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I also have a hunch that AOL starts with this ODP/Inktomi mixture and adds in some portion of its own proprietary information, especially click-tracking data.
That's my sense of it as well. I'm still guessing, but I believe that mess we watched AOL produce for a couple of weeks last month was the result of AOL tweaking their proprietary algorithm.
>> I believe that mess we watched AOL produce for a couple of weeks last month was the result of AOL tweaking their proprietary algorithm
I think so as well. One page I watched closely through that period went from number 7 to number 86 and now came back at number 5. I know they were getting a ton of AOL traffic, so that's why I assume that AOL clicks are making the difference. The #86 was a mere hiccup.
>> I can't compete unless I get more pages in their data base. Any suggestions on how I go about that?
One way to compete is to buy GoTo keywords. AOL users are responding very well to the GoTo "Sponsored Links" listings at the top of the page.
Other than that, it's keep on tweaking. The various options that Ink offers partners for their data, and what settings each partner uses are mysterious.
AOL may be taking only a relatively small slice of data to augment their returns. For instance, on one search I monitor Canada.com returns 13,050 pages, but AOL returns 405. If my conclusion is correct, this would mean that getting multiple pages into AOL could be difficult -- or even impossible.
Very true, I have been using them from the start, Its one of the reason's I am so anxious to come up under search results.
>>AOL may be taking only a relatively small slice of data to augment their returns.
They must be using a older data base, one of my competitors has 6 pages in the top 20 for one of my search terms.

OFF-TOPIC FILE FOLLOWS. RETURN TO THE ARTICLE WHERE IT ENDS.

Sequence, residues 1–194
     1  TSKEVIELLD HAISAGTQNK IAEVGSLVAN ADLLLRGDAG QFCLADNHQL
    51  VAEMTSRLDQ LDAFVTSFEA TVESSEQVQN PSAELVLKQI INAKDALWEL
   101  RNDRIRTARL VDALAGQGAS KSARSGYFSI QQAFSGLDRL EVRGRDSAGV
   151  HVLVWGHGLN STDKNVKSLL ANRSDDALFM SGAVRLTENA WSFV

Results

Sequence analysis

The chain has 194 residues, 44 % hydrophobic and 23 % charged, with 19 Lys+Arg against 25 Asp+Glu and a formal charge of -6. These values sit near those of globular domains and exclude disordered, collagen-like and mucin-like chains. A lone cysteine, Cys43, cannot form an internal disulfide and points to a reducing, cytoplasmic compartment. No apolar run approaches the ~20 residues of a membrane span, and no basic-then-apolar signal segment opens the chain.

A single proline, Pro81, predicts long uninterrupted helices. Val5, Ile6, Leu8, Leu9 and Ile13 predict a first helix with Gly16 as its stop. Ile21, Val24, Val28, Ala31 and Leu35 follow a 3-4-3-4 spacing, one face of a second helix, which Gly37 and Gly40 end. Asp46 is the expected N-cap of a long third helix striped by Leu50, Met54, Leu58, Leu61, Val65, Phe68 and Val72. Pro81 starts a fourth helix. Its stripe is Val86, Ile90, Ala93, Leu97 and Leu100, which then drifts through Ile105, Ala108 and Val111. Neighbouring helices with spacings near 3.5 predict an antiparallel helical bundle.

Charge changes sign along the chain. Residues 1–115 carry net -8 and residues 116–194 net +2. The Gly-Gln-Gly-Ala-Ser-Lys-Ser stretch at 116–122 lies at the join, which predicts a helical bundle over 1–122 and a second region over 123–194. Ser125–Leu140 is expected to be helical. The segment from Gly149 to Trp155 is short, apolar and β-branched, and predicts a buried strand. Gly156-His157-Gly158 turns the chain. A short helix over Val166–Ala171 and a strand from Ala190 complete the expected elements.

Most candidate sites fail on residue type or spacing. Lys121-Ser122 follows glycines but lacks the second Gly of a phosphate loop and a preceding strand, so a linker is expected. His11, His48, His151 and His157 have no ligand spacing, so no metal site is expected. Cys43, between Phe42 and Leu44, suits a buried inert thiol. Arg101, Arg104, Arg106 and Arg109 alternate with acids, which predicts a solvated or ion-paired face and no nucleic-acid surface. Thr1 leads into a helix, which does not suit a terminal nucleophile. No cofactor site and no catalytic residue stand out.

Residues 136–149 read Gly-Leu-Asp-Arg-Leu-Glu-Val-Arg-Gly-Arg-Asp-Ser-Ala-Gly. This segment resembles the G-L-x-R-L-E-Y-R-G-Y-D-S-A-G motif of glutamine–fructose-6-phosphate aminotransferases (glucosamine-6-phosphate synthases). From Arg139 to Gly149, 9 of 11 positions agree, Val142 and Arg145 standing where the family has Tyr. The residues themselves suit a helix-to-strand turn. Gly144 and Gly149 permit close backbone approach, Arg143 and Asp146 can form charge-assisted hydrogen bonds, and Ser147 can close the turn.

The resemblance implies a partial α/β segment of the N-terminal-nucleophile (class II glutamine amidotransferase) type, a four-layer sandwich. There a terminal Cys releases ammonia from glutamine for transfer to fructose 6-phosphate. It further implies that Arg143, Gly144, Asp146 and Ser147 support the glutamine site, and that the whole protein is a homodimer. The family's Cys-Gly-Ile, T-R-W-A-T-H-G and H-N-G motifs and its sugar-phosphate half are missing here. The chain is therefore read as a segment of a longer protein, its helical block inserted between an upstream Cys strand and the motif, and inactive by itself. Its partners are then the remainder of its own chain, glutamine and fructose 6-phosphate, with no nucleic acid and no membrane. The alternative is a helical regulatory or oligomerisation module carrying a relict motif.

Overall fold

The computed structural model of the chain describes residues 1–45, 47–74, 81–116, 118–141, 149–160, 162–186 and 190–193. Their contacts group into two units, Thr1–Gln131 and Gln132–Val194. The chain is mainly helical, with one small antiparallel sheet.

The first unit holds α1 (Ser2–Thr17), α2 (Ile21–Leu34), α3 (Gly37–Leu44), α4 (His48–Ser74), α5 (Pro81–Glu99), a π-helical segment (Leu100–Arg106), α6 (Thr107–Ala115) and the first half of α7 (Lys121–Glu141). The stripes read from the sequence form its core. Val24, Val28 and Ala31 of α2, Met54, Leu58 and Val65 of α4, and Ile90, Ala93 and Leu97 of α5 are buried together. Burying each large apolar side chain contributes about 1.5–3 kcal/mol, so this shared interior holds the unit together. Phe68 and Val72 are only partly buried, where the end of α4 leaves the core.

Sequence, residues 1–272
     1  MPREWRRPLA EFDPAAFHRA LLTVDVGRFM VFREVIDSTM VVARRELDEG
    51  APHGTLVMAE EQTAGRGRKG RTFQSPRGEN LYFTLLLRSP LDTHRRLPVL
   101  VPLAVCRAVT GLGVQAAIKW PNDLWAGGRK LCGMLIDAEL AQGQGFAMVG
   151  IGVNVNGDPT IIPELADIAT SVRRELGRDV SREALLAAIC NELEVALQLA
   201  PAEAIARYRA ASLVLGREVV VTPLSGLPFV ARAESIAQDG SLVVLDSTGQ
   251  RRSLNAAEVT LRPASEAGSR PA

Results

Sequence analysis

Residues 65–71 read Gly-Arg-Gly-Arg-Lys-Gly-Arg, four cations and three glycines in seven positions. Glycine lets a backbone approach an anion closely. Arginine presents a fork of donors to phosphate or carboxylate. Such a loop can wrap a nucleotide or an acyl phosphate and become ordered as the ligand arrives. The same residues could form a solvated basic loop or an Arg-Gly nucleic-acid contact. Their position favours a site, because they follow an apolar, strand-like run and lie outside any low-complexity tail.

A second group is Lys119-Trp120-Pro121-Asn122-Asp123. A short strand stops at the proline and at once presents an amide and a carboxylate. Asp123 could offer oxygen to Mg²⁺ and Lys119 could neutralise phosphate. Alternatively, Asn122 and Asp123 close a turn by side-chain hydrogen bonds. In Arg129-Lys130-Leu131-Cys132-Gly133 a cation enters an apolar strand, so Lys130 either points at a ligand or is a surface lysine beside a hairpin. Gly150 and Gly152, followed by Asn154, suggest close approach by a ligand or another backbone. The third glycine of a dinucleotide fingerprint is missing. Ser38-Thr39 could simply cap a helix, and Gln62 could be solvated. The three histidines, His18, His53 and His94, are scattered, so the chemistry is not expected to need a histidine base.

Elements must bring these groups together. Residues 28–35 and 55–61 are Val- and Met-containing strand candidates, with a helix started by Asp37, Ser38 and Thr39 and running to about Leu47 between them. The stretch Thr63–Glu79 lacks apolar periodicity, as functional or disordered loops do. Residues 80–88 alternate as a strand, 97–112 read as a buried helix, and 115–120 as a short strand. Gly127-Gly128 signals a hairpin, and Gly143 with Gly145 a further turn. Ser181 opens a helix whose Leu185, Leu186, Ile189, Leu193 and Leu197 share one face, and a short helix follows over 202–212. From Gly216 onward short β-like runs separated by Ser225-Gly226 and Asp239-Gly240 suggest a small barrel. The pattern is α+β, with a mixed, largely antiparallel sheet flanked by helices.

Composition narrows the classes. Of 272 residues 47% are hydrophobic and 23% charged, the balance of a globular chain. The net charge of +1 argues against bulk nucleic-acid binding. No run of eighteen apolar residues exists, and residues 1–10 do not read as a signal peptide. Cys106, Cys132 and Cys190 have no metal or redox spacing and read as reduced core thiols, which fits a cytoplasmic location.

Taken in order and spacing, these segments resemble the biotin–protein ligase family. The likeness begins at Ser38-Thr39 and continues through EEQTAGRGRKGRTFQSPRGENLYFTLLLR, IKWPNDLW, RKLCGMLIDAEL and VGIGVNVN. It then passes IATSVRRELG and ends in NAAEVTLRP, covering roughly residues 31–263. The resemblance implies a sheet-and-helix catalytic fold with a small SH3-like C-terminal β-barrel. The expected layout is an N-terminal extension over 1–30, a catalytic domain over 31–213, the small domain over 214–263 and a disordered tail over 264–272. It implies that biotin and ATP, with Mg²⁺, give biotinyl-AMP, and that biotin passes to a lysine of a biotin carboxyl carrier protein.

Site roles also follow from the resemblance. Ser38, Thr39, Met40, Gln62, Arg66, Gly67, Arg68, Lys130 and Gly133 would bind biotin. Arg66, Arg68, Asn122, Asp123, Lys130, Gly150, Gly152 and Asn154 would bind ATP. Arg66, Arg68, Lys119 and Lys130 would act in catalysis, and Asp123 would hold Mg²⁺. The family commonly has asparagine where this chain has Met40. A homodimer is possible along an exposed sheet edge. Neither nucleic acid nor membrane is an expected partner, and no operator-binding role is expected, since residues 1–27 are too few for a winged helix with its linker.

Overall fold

Thanks I'll keep tweaking
I don't believe that this will affect it in most search alogrithms, although I could be mistaken.
It will definitely, however, affect it in directories (as you can probably intuit) since it is above the alphabetical listings, on top of the fact that even my mother could see that it has a "special" rating. :)
To understand the implications of that, and for a highly informative look at how people actually use search engines, check this thread out:
Thanks, Marcia, for explaining about my mother. :)
>...IT IS NOT CUSTOMER SUPPORT!!!!!!! But then again, what do you expect from AOL? What was it I read? "Most unfriendly firm, ever"?
Another thing you may not know about me is that I was once phone technical support for AOL, so I am probably qualified to answer this question -- or at least comment. :) (No, I'm not kidding.)
First, the turnover at AOL is horrendous. Dealing with AOL members, many of whom have no computer savvy whatsoever, is trying to say the least. I distinctly remember spending in excess of 10 minutes trying to get a member to understand where the space bar was. The jokes about cupholders and the "any" key are not exaggerated much.
Secondly, there are time limits an AOL CS rep has to meet -- for instance, an average of 7 minutes per phone call -- which make it impossible for them to really do their jobs.
Thirdly, the search engine "department" is a miniscule one, and AFAIK, the only employees who deal with them are in Virginia. My guess is that your question does not go to them at all, but to a regular Customer Support person who is trained for a short period of time to answer questions about connectivity, error messages, and busy signals.
I said all that to say this: The chances are that you will almost always end up with an inexperienced and/or harried respondent who is not very knowledgeable about search engines.
They rely not on computerized responses but rather on form letters. My guess is that they read your email, and then scanned their list of form letters to find the form letter which most closely fits the occasion of your question. :(
You may get lucky and get someone whose hobby is SEO, but the chances of that are not likely. (Techs used to forward calls about searches to me in my call center, but that was only because they happened to know what I did, at that time, as a side business.)
I am not defending what happened to you at all. I am merely trying to explain what probably happened. (I know plenty of employees of AOL, and I can't get a straight answer either! :( )
Moreover, you are not likely to get any explanation from any search engine or directory that I know of as to anything that is likely to help you rank better.
That's why we're here. :) (AND why we make the big bucks. :) )